Knee pain cycling

The position on the bike should respect the anatomic characteristics of the athlete to avoid serious injuries to the knee.

Causes of pain in knees

In cycling, the knee is the anatomical part of the lower limbs which is most affected by injuries caused by overload.

Numerous epidemiological studies have confirmed this in recent years. During an hour of cycling the knee can perform 5000 flexion-extension movements.

When we study the causes of a cycling injury we have to take into account many factors, such as training errors, anatomical factors, the biomechanics of the athletic gesture, the terrain, the equipment (shoes and bicycle as well as the relationship between the anatomical features of the lower limbs and the frame of the road bike.)

Overload injuries in cycling

As you know, overload injuries occur when the structures of the locomotor apparatus have to endure submaximal and repetitive workloads over time, without having adequate time to recover, causing a degeneration of the tendons and joints. The bicycle must always have a frame and set-up that are appropriate for the anatomy of the athlete. The position of the saddle and of the shoe-pedal attachment can contribute to an injury.

What causes knee pain cycling

The position that determines the correct movement of the knee during cycling is the height of the saddle, which must allow a maximum extension of the articulation of 150 ° -155 °, while the minimum angle of 70 ° -80 ° also depends on the length of the pedal crank.

Let's take a brief look at some situations:

  • Saddle too low: abnormal stress on the patellar tendon, quadricipital, and on the patellofemoral joint.

  • Saddle too high: the excessive extension of the knee puts too much stress on the iliotibial band (ITB), the tendon of the biceps femoris and the insertion of the pes anserinus, medially in the knee.

  • Saddle too far back: too much stress on the ITB and hamstring tendons.

  • Saddle too far forward: too much stress on the patellofemoral joint, quadriceps and patellar tendons.

  • Cranks too long: increased stress on the entire knee

  • Cleats rotated too far to the inside: stress on the side of the leg (ITB and LLE)

  • Cleats rotated too far to the outside: stress on the medial part (LLI and pes anserinus).

Front knee pain cycling

It is commonly referred to by the doctor as the patellofemoral syndrome, while the radiologist or orthopedist after an arthroscopy may speak of chondromalacia, which indicates the wear of the articular cartilage of the patella, the condyles or the femoral trochlea. In addition to the problem of positioning the saddle, remember that even a flat foot, a calcaneus valgus or pronation of the foot can facilitate this injury. Tendinopathy of the patellar and quadriceps tendon are two other injuries that are difficult to solve in a short time. In addition to the biomechanical problems, in these cases the habit of using gears with high metric development facilitates tendon damage.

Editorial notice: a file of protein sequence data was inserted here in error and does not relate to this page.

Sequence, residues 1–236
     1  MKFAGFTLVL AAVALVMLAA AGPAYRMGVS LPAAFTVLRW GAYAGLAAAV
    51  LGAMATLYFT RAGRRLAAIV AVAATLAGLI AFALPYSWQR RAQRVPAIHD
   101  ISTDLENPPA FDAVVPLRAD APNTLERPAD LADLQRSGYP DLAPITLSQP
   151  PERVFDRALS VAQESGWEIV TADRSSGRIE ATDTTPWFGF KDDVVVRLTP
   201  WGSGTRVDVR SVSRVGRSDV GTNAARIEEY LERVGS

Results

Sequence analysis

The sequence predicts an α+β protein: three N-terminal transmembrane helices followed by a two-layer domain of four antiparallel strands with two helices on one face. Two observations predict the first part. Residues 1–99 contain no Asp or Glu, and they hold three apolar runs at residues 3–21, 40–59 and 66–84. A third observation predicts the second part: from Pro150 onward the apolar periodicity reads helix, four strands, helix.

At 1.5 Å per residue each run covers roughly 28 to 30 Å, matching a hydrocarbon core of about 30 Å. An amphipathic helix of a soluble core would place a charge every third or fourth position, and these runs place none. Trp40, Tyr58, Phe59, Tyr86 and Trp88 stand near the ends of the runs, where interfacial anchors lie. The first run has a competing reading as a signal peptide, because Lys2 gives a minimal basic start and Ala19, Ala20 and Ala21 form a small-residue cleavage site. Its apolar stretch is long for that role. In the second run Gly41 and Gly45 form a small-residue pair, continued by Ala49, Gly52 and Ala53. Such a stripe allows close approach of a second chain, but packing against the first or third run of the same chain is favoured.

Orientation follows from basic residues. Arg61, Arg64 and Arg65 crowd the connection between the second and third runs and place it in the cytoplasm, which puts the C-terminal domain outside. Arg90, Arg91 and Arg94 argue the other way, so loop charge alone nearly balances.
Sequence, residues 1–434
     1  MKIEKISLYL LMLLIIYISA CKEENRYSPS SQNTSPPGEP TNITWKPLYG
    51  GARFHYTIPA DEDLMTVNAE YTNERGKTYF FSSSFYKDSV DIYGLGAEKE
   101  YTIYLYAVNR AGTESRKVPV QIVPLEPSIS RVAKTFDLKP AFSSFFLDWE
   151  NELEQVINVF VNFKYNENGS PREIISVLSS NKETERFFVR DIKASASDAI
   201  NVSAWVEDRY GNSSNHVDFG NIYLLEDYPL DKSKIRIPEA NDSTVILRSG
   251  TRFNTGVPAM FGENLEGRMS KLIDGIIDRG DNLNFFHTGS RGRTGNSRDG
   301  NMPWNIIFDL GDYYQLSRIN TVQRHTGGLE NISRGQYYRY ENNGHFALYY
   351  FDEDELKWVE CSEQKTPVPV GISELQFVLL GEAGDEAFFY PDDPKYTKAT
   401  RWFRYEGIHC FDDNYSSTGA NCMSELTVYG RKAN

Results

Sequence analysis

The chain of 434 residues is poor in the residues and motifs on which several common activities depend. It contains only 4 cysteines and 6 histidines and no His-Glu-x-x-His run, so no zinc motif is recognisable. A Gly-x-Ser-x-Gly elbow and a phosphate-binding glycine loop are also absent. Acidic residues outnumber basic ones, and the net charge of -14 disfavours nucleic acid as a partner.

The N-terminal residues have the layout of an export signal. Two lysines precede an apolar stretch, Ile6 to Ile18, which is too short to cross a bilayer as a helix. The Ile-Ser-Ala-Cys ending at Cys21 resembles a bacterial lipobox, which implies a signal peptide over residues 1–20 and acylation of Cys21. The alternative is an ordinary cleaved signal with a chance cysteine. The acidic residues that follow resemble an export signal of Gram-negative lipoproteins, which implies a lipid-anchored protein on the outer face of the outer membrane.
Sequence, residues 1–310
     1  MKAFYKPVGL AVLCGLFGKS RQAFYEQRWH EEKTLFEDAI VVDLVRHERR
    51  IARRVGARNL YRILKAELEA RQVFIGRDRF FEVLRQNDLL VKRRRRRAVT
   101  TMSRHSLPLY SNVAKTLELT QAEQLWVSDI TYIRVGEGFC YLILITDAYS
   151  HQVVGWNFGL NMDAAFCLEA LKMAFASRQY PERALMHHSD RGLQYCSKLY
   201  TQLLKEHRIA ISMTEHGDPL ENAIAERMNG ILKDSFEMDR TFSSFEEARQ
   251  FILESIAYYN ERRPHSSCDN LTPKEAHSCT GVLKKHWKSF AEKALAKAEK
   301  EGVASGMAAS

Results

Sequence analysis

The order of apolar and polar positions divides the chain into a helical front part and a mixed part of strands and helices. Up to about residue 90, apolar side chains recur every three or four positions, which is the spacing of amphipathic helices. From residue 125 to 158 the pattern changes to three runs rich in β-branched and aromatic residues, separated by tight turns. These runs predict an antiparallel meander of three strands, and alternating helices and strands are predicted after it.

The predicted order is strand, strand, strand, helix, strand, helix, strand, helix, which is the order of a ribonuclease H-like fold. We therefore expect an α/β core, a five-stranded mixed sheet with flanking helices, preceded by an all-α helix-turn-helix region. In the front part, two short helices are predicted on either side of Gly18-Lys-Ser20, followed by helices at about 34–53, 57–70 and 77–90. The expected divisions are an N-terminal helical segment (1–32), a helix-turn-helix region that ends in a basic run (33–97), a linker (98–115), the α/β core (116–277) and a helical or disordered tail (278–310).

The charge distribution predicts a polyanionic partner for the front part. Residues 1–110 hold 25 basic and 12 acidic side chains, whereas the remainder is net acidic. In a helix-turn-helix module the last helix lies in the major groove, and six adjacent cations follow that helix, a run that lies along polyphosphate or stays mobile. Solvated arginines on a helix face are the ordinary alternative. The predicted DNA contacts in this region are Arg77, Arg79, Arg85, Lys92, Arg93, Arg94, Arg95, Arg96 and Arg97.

Medial knee pain cyling

The plica is an embryonic residual from when the knee developed and is present in 30% of the knees. It is normally asymptomatic. During the flexion of the knee the plica can however "rub" against the medial femoral condyle causing pain, and progressively it can become more and more rigid and fibrotic. A correct position on the saddle can help reduce the pain as well as treating the fold itself. If the pain persists after six months of conservative therapy, it is recommended to remove the plica arthroscopically. The bursitis of the pes anserinus manifests itself more rarely, often caused by a wrong position on the saddle. A few years ago, I visited a professional cyclist who suffered throughout the Giro d’Italia, because after a test, he quite suddenly changed his position on the bike, sitting further back and raising the saddle a few cm.

Lateral knee pain cycling

Is almost exclusively caused by the iliotibial band (ITB) repeatedly rubbing against the lateral femoral condyle. A saddle that is set too high or far back, or an excessive intra rotation of the foot, in the presence of a varus knee alignment or a tibial extra rotation greater than 20 ° are contributing factors, as is the limbs' asymmetry (greater stress on the shorter limb). To adjust the rotation of the foot at the level of the cleat, you just have to sit on a table and look at the position of the feet: the same position you need to use when you cycle and you should not change it to set your feet straight and parallel.

Rear knee pain cycling

Very often it is caused by a tendinopathy of the biceps femoris (laterally) or more rarely by the tendinopathy of the adductors (medially). Also in this case the cause can be a saddle that is set too high and / or far back, and the excessive intra or extra rotation of the foot.

The correct position on the bycicle

Determining the correct position on the bycicle must be done by an expert. Today many have computerized assessment systems, which however can never do without practical experience. Experience and innovation must go "hand in hand" otherwise there is trouble. The help of technology is welcome but any changes must be made gradually and with common sense, because even changing the position of the saddle a few mm can have an impact on possible stress for the knee. Sudden changes of some cm. can only lead to injuries. Not only that, but some athletes cannot stand out of the saddle for long periods because of an inherent inability to maintain them: for example, a lack of flexibility of the lumbosacral column cannot support a saddle that is too far back and implemented in a short time.

Sergio Migliorini

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